The Church of Jesus Christ of Latter-day Saints in Missouri
As of the end of 2007, The Church of Jesus Christ of Latter-day Saints reported 62,217 members in 14 stakes, 143 Congregations (104 wards and 39 branches), 2 missions, and 2 temple (St. Louis and Kansas City, Missouri).
There were many Mormons in Missouri and it served as one of the headquarters of The Church of Jesus Christ of Latter-day Saints in the 1830s. In 1838 Lilburn W. Boggs issued the Extermination Order to drive Mormons from the state, and for a time there was no organized Church presence here.
Later in the 1840s members of the Church, both immigrants from Britain and migrants from Nauvoo, Illinois moved to St. Louis, Missouri and a branch was organized there in 1844. In 1852 the steamship Saluda exploded near Lexington, Missouri with many of those killed being Latter-day Saints headed towards Fremont, Nebraska to then outfit to go to Utah.
By 1849 there were over 3,000 Latter-day Saints in the St. Louis area, and in 1854 a stake was organized there with Milo Andrus as president. Among those baptized in Missouri about this time was Henry Eyring a German immigrant who would latter lead Latter-day Saint missionary efforts among the Cherokee in Oklahoma and many of whose descendants would be prominent latter in the LDS Church. In 1858 the stake was dissolved and most of the Mormon migrated to Utah.
In the late 19th century there was limited missionary presence. However from 1904 a mission was headquartered in Independence. In 1911 a branch was organized there with Joseph F. Smith dedicating a chapel in 1914. Shortly after this Spencer W. Kimball, later president of the Church, served a mission in Missouri.
The church began to expand in the 1920s with five new chapels dedicated in 1926 and 1927. The first Missouri stake was organized in Kansas City in 1956 with another organized in St. Louis in 1958. Columbia, Missouri got a stake in 1970, the Independence Stake was split from the Kansas City stake in 1971 and a stake was organized in Springfield in 1973. The first LDS temple in Missouri was dedicated by Gordon B. Hinckley in the St. Louis area in 1997.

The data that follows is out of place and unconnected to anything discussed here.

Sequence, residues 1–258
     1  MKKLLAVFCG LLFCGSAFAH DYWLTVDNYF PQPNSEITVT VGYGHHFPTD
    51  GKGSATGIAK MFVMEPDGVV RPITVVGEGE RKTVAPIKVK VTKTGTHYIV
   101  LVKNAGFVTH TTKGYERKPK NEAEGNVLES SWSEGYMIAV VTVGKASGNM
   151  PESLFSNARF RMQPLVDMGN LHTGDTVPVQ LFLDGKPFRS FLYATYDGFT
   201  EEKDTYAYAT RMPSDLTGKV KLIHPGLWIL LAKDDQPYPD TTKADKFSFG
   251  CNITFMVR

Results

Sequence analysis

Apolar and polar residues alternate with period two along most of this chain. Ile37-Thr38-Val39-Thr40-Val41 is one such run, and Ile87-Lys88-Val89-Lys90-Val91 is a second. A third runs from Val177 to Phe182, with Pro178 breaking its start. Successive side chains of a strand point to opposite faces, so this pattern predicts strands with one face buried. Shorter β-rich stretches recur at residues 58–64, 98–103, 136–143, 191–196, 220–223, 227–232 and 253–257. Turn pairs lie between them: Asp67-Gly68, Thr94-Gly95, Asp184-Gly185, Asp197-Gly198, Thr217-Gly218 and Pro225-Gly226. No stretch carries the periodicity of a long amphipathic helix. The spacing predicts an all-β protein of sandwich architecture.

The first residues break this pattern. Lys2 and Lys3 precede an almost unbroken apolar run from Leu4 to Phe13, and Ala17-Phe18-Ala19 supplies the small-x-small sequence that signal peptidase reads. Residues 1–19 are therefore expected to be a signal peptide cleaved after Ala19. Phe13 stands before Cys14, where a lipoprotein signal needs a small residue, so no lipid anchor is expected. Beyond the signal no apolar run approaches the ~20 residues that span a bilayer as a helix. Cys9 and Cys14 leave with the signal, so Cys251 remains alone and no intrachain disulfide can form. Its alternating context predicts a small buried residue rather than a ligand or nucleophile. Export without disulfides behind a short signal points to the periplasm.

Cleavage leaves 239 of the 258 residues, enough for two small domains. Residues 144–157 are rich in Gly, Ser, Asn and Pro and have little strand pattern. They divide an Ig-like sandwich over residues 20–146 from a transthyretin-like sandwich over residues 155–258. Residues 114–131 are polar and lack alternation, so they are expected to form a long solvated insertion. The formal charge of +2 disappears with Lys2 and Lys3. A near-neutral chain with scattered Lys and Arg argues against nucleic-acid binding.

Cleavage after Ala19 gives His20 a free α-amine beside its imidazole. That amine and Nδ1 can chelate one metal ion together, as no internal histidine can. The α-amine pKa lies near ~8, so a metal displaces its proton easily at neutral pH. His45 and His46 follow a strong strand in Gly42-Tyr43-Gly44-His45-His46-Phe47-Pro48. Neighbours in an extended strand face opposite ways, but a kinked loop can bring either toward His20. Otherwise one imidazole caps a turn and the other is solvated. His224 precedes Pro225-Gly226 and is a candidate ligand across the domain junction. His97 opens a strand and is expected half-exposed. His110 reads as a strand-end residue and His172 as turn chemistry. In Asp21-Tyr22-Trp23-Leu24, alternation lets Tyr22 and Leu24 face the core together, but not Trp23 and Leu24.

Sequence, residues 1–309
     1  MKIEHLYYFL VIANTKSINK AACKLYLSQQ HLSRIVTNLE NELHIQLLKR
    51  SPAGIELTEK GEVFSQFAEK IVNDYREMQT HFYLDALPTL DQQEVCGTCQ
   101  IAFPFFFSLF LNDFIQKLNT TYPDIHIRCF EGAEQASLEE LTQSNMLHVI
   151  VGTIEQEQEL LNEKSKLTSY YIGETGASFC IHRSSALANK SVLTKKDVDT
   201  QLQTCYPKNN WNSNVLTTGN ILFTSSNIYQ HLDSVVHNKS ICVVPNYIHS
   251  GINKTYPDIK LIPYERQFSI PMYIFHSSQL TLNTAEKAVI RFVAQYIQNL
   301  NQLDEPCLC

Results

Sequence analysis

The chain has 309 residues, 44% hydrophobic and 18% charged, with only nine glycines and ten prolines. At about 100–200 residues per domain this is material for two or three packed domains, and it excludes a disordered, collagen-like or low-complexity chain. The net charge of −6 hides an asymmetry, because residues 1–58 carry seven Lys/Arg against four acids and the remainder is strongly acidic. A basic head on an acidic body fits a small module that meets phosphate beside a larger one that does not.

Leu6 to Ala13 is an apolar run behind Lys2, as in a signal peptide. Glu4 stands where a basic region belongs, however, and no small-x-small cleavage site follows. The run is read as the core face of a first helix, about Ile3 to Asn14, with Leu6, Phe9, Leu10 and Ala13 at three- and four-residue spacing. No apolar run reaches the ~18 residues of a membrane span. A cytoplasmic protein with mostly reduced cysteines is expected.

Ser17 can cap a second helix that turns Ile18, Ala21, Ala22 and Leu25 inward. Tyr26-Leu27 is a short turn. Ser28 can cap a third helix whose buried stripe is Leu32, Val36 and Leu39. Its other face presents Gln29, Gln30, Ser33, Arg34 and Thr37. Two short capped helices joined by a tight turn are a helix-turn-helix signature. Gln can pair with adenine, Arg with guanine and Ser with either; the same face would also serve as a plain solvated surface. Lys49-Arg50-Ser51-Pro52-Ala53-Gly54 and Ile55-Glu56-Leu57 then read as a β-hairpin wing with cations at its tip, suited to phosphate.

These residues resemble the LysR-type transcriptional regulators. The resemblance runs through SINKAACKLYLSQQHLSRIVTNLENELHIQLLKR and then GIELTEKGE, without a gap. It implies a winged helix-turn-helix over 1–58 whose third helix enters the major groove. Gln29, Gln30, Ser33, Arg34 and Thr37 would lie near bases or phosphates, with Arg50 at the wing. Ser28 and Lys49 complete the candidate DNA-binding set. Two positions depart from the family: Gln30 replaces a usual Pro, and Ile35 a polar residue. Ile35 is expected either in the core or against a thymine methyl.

For much of the early 20th century Liahona The Elders' Journal was published in Independence, Missouri this was the main LDS publication aimed at church members living in the United States outside of the Mormon corridor.
Missouri Membership History
|Missouri Independence North Mission||4 Apr 1904|
|Missouri St Louis Mission||1 Jul 1977|
Missouri currently has two operating temples and three in which construction has been indefinitely suspended.
|50. St. Louis Missouri Temple|
Town and Country, Missouri, US
|137. Kansas City Missouri Temple|
Kansas City, Missouri, United States
|Temple Lot (Efforts halted in 1830s)|
|Far West Missouri Temple (Efforts halted in 1830s)|
Far West, Missouri, United States
|Adam-ondi-Ahman (Efforts halted in 1830s)|
- Independence, Missouri
- Jackson County, Missouri
- Far West, Missouri
- Caldwell County, Missouri
- Daviess County, Missouri
- Mormon War (1838)
- Haun's Mill massacre
- Extermination order
- Liberty Jail
- Evening and Morning Star
- Joseph Smith
- Zion's Camp
- Missouri Stakes.LDS Stake & Ward Web Sites
- LDS Meetinghouse Locator
- LDS Newsroom (Statistical Information)
- LDS Church Almanc, published by the Deseret News, 2011 edition, p. 360-361
- Mikita, Carole (October 4, 2008). "LDS Church plans temples in Rome, 4 other locations". KSL.com. Retrieved 2012-10-15.
- Burnes, Brian (May 8, 2010). "Groundbreaking planned for Mormon temple in Northland" (NewsBank paywall). The Kansas City Star. p. A5. Retrieved 2012-10-15.
- History of the Church of Jesus Christ of Latter-day Saints (aka Documented History of the Church "DHC") 1:357-362 or James R. Clark, Messages of the First Presidency, Vol.1, p.6-10 where full architectural descriptions are given.